Excerpts from the introduction to the new French edition of Charles Denby’s book “Indignant Heart: A Black Worker’s Journal.”
On Feb. 12, workers across the country marched in Fight for $15 demonstrations held to commemorate the 1968 Memphis sanitation workers’ strike and Dr. King’s visionary, multi-racial Poor People’s Campaign. It is a struggle to realize labor’s full potential.
The #MeToo movement, with roots in the 1960s, is part of a humanist revolutionary red thread that shows in a visceral way that revolution must deepen at every point in order to finally make the relationships we have with each other into actually human relationships.
Black voters in Alabama, led by Black women, overcame blatant voter suppression—including discriminatory voter ID laws—to flood the polls and block Roy Moore from the Senate seat he expected that God would anoint him to.
Report on the Oct. 27, 2017, Women’s Convention in Detroit, Michigan, one of the followups to the Jan. 21 Women’s March on Washington, D.C. .
News and Letters Committees lost a wonderful comrade when Dan Perron (Oct. 12, 1959-Sept. 7, 2017) died. Dan was a lifelong activist for freedom and justice.
Readers’ Views on: Puerto Rico:Trump’s Katrina; LGBTQ in Australia; Transgender in Texas; Women’s Liberation; Racism in Canada; Detroit and “Detroit”; Labor and Robots; Haitian Revolt; Why Read N&L?; and a Correction.
Readers’ Views: facing far right’s threat; don’t scapegoat; Canadian strike; Transgender troops; women’s liberation; homeless in Los Angeles; defend dissidents; why read N&L.
On the 50th anniversary of the Detroit rebellion, “The Origins Of The Urban Crisis: Race and Inequality in Postwar Detroit,” written in 1996 by Thomas Sugrue, is again timely.
Detroit police invaded our neighborhood, indiscriminately stopping people and impounding cars.
Does housing in Detroit in 2017 mean large tracts of vacant land and substandard houses ripe for development and easy slumlord profit, or a focus for community organizing to take back our city? .
Report of the pro-choice Feb. 10 rally in Chicago, a day before anti-abortion fanatics planned to mob Planned Parenthood clinics across the U.S.
Reports from the huge Women’s March from participants in Chicago, Ill., Detroit, Mich., Oakland, Calif., Nashville, Tenn., Memphis, Tenn., Los Angeles, Calif., and New York City.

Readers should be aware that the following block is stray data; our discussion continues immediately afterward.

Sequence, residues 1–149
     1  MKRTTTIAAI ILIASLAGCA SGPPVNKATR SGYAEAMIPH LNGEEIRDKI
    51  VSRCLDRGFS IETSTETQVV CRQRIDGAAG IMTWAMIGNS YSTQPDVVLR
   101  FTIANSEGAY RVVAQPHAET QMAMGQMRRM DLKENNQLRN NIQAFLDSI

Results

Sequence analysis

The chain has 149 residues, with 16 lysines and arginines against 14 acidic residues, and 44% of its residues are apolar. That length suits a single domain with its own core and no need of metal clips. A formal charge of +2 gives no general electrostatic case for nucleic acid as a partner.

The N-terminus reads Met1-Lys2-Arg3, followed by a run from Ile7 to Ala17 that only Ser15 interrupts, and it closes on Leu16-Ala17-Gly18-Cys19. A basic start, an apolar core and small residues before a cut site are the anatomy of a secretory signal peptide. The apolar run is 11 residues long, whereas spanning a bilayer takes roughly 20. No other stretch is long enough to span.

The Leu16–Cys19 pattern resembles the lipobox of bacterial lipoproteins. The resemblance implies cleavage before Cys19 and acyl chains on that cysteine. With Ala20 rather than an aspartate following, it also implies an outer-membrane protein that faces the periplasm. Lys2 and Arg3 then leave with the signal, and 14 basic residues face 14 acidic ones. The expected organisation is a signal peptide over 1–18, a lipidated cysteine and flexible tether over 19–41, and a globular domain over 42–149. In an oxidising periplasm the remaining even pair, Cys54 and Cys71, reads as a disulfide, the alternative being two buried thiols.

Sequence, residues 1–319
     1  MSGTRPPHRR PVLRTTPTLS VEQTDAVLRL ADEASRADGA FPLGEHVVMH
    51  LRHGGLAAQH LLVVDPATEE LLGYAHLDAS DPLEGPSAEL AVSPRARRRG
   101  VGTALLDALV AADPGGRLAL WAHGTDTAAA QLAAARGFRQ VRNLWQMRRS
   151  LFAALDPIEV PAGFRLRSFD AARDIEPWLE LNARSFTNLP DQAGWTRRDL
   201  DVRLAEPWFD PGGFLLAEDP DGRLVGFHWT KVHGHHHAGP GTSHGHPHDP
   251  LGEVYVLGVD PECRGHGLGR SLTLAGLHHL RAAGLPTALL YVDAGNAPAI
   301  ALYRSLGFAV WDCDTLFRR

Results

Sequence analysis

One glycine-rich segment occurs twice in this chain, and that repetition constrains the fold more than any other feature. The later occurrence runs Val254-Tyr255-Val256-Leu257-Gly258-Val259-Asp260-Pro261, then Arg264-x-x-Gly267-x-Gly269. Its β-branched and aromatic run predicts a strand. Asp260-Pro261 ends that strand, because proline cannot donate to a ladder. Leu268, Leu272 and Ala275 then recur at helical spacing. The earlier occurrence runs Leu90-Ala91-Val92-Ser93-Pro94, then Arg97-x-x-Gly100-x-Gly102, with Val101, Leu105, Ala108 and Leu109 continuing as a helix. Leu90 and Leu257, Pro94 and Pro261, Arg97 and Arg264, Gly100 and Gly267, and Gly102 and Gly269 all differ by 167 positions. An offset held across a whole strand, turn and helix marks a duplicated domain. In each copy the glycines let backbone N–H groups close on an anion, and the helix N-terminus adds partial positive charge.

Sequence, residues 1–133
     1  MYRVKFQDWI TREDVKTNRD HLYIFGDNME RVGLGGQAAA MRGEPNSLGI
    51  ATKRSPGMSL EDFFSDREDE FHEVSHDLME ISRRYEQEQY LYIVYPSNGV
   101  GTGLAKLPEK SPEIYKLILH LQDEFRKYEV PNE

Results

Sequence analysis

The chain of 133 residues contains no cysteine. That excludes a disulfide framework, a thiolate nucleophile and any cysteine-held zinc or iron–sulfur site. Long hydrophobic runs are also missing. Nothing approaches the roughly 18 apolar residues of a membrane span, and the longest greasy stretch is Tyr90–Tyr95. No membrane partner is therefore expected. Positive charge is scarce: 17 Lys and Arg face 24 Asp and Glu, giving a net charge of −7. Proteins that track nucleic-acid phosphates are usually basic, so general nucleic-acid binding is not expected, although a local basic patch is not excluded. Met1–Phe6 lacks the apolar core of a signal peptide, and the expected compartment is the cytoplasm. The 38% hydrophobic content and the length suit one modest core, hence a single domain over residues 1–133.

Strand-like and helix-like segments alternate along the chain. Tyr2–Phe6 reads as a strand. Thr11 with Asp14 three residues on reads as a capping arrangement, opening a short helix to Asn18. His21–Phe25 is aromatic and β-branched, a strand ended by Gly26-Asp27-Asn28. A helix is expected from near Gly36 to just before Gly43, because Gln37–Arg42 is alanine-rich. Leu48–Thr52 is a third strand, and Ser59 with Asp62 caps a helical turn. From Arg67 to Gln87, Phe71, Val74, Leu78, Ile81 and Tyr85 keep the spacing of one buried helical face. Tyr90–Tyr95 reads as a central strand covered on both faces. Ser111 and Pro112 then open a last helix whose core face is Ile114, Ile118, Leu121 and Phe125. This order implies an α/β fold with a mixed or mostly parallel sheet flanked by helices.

Latina union activist in Detroit questions how working people lost out in the school board elections and the ballot measures in the recent election and, noting that the AFL-CIO supported the Dakota Access Pipeline, asks, “Which side are you on?”
Readers’ Views on: Racism and Revolt Put U.S. on Trial; Life and Death Under the Class Divide; Environmental Struggles; War and Atrocities; and Women’s Lives at Stake.
The book Mapping the Water Crisis: The Dismantling of Black Neighborhoods in Detroit and the film Detroit Minds Dying, expose that the preponderance of water shutoffs in Detroit occur in poor neighborhoods and neighborhoods of color, the lies of Detroit city officials, and the difference determined activists can make.
Chinese university students’ struggle at Tiananmen Square for better living conditions; Kaiser workers’ fight against two-tier wages and the continuous miner; and today’s Hong Kong Youth’s Umbrella Revolution, Occupy Movement and Black Lives Matter all show that workers are alive in struggle.
Readers’ Views on: Environment, Labor, Race and Philosophy; Queer Liberation; Black Lives Matter; Bolivian Social Movements; Trumpery’s Fascism & Racism.
Workers at Nexteer Automotive dealt a blow to the United Auto Workers bureaucracy and the company when 97% of the rank and file rejected the contract the UAW had negotiated, forcing sharp revisions on two-tier wages and healthcare benefits in the contract they ratified.
In remembering Olga Domanski, Ron Kelch writes that she embodied organization as beginning from Hegel’s idea of freedom as a self-moving process that inspires generations of humanity